In Russia, a Decision to Swap Police for Private Security at Stadiums

March 8, 2006
Interior Ministry turns to private security at arenas to keep city police focused on core duties

The Russian Interior Ministry plans to continue cutting the number of policemen at football games and replacing them with stadium security personnel.

Last year, OMON anti-riot police and police squads with dogs were removed from stadiums. ``We used fewer Interior Troops servicemen, too, and advised all our personnel to refrain from using force,'' the head of the Interior Ministry's Department of Public Order, Nikolai Pershutkin, said on Monday.

He said security personnel controlled the situation at the Dynamo and Lokomotiv stadiums during many games, including ``high-risk ones''.

``We have gained some very valuable experience. I think we should seek to reduce the number of police squads at stadiums in the new season and step up the creation of their own security systems,'' Pershutkin said.

He cited statistics as saying that the number of law offences at stadiums is decreasing. While in 2003, more than 6,000 law offences were registered, last year their number decreased to 5,200.

At the same time, Pershutkin said the aggressiveness of law offenders is growing. ``The number of cases involving rough behaviour is growing. One in five spectators was detained for such offences. The number of people brought to police stations from games in a state of alcoholic intoxication has also increased,'' he said.

Pershutkin also stressed the need to tighten entry rules in order to prevent fireworks and explosive devices from being carried into stadiums. ``There must be relevant equipment, and in order to avoid unnerving spectators and building up crowds before games, it is necessary to increase the number of entry points and provide them with metal detectors,'' he said.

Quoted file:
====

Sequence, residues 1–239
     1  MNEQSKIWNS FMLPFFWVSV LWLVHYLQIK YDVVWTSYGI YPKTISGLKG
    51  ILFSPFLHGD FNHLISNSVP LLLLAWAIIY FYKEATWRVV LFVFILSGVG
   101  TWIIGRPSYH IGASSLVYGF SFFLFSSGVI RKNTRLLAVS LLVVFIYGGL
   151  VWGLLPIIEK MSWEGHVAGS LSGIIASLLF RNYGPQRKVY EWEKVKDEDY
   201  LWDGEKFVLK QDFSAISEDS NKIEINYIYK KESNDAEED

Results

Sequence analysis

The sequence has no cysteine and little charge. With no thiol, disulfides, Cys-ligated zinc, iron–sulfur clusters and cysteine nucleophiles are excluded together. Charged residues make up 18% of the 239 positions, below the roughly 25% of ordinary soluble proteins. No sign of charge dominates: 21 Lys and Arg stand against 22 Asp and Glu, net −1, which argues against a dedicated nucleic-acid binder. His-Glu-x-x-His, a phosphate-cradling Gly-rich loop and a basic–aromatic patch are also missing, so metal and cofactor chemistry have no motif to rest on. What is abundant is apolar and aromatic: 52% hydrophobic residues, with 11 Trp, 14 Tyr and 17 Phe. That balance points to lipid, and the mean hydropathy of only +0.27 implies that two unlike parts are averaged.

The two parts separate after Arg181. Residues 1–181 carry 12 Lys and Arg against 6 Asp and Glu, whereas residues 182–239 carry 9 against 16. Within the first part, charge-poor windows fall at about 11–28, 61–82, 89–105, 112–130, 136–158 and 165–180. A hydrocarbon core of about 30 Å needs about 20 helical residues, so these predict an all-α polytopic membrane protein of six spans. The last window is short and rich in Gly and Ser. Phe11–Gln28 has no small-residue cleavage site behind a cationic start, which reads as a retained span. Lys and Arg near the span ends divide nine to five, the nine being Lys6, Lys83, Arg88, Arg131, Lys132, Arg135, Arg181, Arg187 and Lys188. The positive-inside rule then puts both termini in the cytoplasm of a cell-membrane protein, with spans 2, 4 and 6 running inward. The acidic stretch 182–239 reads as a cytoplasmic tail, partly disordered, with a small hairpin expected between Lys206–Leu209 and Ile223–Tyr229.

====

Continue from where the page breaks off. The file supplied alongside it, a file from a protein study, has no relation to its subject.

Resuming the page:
First Deputy Interior Minister Alexander Chekalin called for the adoption of a law that will regulate security at stadiums during the new football season.

He noted that the ministry had already drafted a relevant bill. ``The situation demands that the law should be adopted as soon as possible, particularly in view of growing terrorist threats, the danger of extremist actions and other incidents,'' Chekalin said.

In his words, ``The law will allow setting the parameters of technical means for equipping stadiums, regulations of the anti-terrorist protection and delimitate the functions of the stadium personnel and law enforcers.''

He noted that from 500 to 2,000 policemen enforce order at one Premier League game, which distracts them from their direct duties.

Pershutkin said the bill contained security requirements to be met by sport facilities. ``We should solve the issue of the certification of football stadiums in order to ensure the security of spectators at stadiums, particularly during evacuation, and meet requirements of anti-terrorist security, technical, fire safety, and sanitary norms,'' Pershutkin said.

He said the procedure for stopping or suspending sport events in case of a threat to the life or health of their partakers and spectators should be described clearly. Meanwhile, authorities will be empowered to issue and suspend security certificates.

Pershutkin noted that the measures taken by the Interior Ministry and the Russian Football Union made it possible to improve security at stadiums in Volgograd and Kazan. ``However, the problems were not solved at the Eduard Streltsov Stadium in Moscow, the Luch Stadium in Vladivostok and some other stadiums located in the Southern Federal District. Matches should be forbidden there,'' Pershutkin said.